Tuesday, September 28News That Matters

For Korea’s Golfers Eyeing the Olympics, More Than Four Is a Crowd

RANCHO MIRAGE, Calif. — So Yeon Ryu is a two-time major winner and a former world No. 1 who entered this week’s ANA Inspiration, the first L.P.G.A. major of the year, as a top 20 player. Ryu’s credentials for the Tokyo Olympics this summer are solid gold.

Her passport is her problem.

Ryu is from South Korea, where champion women golfers are an abundant natural resource. With three months until the team rosters for the delayed Summer Games in Tokyo are finalized, Ryu is No. 16 in the world but No. 7 in her homeland.

The Olympic qualification standards dictate that every player in the top 15 is eligible to compete but that no country can have more than four representatives in the 60-player field. Led by Jin Young Ko, Koreans hold the top three spots.

“I don’t know that there’s a harder team in sport to make right now,” said Mike Whan, the departing L.P.G.A. commissioner.

In 2016, when golf returned to the Olympics as a medal sport for the first time since 1904, Ryu missed a berth on the South Korean team despite a top-12 world ranking.

“It’s tougher to make the team from my country than to win the gold medal,” said Ryu, who opened with an even-par 72 Thursday at Mission Hills. Patty Tavatanakit of Thailand shot a six-under-par 66 to lead the field.

South Korean champions have been plentiful over the past decade, capturing 23 of the 47 L.P.G.A. majors contested. They occupy 14 of the top 35 spots in the world rankings. For players desiring to distinguish themselves, making the Olympic team is a priority.

“So many players are playing so well from Korea that I want to say people back home are less appreciative to see what we’re doing on the tour,” said Ryu, 30, whose major titles came at the 2011 United States Women’s Open and the 2017 ANA Inspiration, both in playoffs. “They’re more keen to see the Olympics because they know it’s really, really tough to make the team.”

Inbee Park, Ryu’s best friend and compatriot, won the women’s competition at the Rio Olympics, by five strokes over New Zealand’s Lydia Ko, then the top-ranked player. With the country’s team members all so highly ranked, Korean officials were confident of at least one medal in the women’s competition. Park overcame a wrist injury that had slowed her progress all year and delivered on the expectations.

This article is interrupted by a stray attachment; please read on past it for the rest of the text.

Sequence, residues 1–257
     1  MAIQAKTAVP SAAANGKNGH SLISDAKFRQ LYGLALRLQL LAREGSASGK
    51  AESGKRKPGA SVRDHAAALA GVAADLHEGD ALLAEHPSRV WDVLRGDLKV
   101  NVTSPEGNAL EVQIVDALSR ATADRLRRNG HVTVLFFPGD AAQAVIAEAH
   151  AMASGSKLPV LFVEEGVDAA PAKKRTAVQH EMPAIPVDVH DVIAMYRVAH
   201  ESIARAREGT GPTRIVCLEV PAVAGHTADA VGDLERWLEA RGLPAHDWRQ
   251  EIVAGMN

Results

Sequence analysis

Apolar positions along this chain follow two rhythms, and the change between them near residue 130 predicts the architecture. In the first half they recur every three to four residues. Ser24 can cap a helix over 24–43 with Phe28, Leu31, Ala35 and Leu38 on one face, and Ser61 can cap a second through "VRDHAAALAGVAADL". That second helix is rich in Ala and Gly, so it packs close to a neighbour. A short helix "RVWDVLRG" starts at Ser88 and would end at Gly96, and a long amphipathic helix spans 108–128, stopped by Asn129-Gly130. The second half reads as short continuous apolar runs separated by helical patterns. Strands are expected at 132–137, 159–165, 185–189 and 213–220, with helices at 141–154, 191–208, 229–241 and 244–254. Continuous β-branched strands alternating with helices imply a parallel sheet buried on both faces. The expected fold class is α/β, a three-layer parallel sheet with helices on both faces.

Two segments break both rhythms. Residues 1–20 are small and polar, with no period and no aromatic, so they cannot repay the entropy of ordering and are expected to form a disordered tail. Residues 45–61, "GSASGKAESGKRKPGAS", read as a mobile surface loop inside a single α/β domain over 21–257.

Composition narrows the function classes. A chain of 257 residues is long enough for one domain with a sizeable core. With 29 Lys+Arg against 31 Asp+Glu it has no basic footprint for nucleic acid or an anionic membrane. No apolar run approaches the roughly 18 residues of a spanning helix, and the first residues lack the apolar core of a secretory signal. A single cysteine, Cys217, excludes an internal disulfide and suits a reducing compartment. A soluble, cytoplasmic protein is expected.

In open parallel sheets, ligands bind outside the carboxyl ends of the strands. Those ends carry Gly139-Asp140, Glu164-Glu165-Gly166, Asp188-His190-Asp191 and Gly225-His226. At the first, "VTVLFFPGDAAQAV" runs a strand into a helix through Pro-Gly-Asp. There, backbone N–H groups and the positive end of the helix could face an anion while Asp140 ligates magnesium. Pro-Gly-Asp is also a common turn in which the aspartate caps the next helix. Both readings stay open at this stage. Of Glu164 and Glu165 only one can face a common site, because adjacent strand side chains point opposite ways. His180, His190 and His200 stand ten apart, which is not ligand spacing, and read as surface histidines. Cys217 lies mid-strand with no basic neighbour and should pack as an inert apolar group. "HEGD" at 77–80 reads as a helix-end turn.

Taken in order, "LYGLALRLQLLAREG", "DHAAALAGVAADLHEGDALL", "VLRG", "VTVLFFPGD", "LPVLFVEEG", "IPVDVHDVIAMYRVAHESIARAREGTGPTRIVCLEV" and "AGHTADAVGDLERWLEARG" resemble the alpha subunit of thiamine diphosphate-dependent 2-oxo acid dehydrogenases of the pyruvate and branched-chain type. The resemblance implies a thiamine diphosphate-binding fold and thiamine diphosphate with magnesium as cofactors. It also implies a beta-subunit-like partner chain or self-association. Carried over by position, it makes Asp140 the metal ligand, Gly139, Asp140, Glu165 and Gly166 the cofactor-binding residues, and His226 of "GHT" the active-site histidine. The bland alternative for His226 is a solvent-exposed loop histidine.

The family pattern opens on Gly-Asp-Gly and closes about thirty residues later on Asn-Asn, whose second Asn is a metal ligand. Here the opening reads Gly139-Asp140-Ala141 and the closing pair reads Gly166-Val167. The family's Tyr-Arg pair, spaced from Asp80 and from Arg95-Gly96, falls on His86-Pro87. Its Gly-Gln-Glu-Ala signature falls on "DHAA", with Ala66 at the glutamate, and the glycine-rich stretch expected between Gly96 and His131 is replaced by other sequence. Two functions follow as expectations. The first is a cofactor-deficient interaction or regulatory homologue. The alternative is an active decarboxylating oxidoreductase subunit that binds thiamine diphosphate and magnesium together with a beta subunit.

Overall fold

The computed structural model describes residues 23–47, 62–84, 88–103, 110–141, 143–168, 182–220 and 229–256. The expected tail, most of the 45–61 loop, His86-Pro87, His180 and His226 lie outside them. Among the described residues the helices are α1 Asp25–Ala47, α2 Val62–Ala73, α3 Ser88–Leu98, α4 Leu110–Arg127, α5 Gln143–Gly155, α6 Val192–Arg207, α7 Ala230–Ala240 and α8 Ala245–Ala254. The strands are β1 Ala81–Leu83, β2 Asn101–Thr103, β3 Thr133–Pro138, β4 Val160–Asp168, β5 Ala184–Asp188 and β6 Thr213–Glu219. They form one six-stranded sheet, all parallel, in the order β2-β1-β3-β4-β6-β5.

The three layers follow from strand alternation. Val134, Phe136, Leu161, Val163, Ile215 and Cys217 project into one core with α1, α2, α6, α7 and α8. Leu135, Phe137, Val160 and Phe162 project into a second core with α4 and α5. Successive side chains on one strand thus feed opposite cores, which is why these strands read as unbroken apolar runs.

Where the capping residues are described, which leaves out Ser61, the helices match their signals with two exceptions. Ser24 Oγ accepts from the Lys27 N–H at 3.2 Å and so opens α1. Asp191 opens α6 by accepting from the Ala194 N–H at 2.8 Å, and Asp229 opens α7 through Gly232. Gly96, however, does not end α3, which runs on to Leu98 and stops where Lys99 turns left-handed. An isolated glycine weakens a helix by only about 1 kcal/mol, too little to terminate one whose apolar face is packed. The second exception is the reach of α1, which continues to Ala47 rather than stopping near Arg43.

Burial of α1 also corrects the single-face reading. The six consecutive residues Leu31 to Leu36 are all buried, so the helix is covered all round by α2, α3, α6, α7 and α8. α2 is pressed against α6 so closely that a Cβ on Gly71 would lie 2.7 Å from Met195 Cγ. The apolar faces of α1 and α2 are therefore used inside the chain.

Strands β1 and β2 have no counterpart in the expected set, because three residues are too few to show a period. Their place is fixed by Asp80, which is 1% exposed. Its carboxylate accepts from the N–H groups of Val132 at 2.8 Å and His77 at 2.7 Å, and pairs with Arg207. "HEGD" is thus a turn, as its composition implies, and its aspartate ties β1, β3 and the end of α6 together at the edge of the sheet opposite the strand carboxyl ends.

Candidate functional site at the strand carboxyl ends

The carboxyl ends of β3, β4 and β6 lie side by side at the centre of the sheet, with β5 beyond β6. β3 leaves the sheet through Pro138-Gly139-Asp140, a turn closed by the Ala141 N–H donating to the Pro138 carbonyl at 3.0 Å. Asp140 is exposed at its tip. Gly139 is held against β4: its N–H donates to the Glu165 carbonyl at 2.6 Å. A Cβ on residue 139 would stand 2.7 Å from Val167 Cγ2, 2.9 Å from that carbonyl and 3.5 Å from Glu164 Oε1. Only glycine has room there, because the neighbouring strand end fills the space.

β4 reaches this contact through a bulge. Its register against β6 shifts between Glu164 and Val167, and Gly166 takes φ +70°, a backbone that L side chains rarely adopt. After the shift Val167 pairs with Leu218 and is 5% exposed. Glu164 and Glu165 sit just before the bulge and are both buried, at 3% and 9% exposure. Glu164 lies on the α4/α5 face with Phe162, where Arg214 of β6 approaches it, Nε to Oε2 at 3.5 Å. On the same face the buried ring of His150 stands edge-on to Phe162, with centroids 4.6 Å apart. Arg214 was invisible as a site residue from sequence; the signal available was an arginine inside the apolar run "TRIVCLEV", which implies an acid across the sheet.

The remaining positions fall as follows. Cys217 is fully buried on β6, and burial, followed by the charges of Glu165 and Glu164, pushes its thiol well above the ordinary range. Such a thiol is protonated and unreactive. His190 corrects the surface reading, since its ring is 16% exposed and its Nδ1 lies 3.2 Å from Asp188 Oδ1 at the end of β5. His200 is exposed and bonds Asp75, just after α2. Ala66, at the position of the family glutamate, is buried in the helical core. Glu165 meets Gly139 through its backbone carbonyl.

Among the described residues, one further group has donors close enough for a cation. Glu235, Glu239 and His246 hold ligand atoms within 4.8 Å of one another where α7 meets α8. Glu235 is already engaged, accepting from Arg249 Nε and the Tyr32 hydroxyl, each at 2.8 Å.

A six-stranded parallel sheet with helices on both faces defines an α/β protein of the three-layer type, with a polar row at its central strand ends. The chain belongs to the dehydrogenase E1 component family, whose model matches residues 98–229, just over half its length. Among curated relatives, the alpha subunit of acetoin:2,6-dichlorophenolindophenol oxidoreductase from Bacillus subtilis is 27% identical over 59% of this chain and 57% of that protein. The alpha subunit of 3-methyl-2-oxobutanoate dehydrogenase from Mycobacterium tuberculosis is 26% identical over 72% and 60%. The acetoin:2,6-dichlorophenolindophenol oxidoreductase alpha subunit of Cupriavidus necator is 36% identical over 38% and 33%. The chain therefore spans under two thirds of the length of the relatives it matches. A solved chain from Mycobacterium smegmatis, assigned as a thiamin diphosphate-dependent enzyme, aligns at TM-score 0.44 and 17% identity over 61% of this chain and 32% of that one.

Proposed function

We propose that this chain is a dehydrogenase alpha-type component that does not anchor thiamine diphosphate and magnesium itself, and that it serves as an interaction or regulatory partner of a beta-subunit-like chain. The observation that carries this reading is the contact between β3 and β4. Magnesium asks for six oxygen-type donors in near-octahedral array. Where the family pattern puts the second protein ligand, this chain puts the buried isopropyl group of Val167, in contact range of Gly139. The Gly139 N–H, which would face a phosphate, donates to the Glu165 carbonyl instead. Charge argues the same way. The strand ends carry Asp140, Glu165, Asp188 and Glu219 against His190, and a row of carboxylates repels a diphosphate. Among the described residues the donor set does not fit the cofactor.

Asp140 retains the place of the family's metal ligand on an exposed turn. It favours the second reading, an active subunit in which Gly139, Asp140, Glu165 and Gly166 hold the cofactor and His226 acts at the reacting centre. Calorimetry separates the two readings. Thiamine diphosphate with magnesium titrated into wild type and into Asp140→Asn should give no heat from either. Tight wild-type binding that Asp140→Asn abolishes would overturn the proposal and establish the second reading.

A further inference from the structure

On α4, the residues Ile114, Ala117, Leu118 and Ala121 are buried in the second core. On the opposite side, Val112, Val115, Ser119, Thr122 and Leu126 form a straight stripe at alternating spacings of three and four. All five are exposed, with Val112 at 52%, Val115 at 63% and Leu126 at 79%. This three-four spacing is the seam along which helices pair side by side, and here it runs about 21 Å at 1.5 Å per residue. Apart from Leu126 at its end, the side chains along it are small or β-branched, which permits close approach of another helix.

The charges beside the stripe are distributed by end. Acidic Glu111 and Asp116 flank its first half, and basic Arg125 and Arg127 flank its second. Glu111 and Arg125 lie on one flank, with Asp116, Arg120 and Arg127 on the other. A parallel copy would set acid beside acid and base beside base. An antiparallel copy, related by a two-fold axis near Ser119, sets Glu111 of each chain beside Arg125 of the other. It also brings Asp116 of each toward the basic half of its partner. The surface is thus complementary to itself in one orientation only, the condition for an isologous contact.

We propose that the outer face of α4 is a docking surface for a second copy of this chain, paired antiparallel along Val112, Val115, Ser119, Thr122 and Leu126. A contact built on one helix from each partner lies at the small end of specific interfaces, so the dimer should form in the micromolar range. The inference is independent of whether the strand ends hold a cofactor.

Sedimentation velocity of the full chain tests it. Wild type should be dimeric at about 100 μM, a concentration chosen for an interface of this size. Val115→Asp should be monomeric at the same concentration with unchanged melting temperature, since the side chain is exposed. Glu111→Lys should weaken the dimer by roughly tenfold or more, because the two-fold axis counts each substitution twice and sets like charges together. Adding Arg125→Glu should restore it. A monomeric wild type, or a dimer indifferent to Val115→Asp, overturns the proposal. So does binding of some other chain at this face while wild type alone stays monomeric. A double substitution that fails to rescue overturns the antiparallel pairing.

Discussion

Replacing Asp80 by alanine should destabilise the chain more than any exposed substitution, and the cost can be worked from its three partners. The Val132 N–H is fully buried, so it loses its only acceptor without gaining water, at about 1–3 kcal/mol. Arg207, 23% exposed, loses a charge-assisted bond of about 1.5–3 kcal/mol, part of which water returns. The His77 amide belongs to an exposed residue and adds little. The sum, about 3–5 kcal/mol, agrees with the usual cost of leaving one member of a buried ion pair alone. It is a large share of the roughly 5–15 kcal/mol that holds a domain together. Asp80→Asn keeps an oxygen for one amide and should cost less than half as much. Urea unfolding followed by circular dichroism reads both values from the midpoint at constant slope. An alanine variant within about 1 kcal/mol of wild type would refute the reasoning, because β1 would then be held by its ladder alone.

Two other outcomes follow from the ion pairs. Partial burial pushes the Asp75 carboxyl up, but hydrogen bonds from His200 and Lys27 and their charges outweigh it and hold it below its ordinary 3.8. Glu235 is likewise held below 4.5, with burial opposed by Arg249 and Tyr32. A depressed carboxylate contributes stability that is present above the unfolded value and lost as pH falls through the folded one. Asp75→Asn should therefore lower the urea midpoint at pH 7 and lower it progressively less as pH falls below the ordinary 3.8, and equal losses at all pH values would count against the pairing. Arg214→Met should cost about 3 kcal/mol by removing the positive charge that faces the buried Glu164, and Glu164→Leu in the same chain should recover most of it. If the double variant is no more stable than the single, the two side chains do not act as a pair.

No stranger to the spotlight, she took the golf world on a thrilling ride in 2013 when she won the first three majors in a bid to become the first professional, male or female, to win four in the same year. But never, Park said, had she felt more pressure. After arriving in Brazil, Park absorbed the sense of urgency radiated by the archers, the swimmers, the taekwondo athletes and the handball players representing Korea who have one chance every four years to craft their legacies.

“You get so much attention from the people and the country and from everyone pretty much,” Park, now 32 and a seven-time major champion, said this week. “I think it’s double, triple, probably 10 times more pressure than I ever felt in a major championship.”

Whan said the telecast of Park’s final round drew a 27.1 rating in South Korea. To put that in context, he said, Park’s unsuccessful bid for history at the 2013 Women’s British Open — she finished 14 strokes behind the winner, Stacy Lewis — got an 8, which was roughly the same as the rating for Tiger Woods’s victorious final round at the 2019 Masters.

“So imagine Tiger at Augusta times three,” Whan said. “She went from being a really noteworthy golfer to being one of the most famous people in Korea in one weekend.”

Ryu didn’t plan to watch any of the 2016 Olympics coverage. “I was so close to making the team that it definitely hurt for me,” Ryu said. “I wanted to avoid it as much as I can.”

She added, “But when you know your best friend is rocking it in Rio, you have to watch.”

Ryu was glad she saw Park clinch the gold. She credits Park’s performance in the Olympics with her own victory at Mission Hills and ascent to No. 1 the following year.

“Before Rio I was maybe so afraid, ‘What is going to happen if I miss the Olympics?’” Ryu said. “So I almost just wanted to believe winning a major is better than the Olympics.”

She added: “After Inbee won the gold medal, I was definitely jealous — not of her but because I felt she did something that was big for the whole golf industry. Maybe that motivation really helped me to play well in 2017.”

In 2018, South Korea hosted the Winter Olympics in Pyeongchang. In a nod to her new stature, Park was chosen as one of the final torch bearers. As she ran with the flame into the Olympic Stadium, slowly to avoid tripping in conditions so cold she could hardly feel her feet, her friend Ryu sat awe-struck in the crowd of 35,000.

After being so near the top 10 and still so far from qualifying for the 2016 Olympics, Ryu recognized it might be her only chance to experience an Olympics up close.